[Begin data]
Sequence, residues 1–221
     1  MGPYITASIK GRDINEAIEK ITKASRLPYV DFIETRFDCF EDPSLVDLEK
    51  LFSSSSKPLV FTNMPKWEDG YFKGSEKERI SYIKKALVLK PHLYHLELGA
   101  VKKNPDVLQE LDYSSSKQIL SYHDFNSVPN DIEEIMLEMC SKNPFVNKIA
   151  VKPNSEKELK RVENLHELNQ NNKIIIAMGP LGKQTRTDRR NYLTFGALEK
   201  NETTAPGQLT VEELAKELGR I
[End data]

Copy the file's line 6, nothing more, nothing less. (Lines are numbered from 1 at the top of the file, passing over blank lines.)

   201  NETTAPGQLT VEELAKELGR I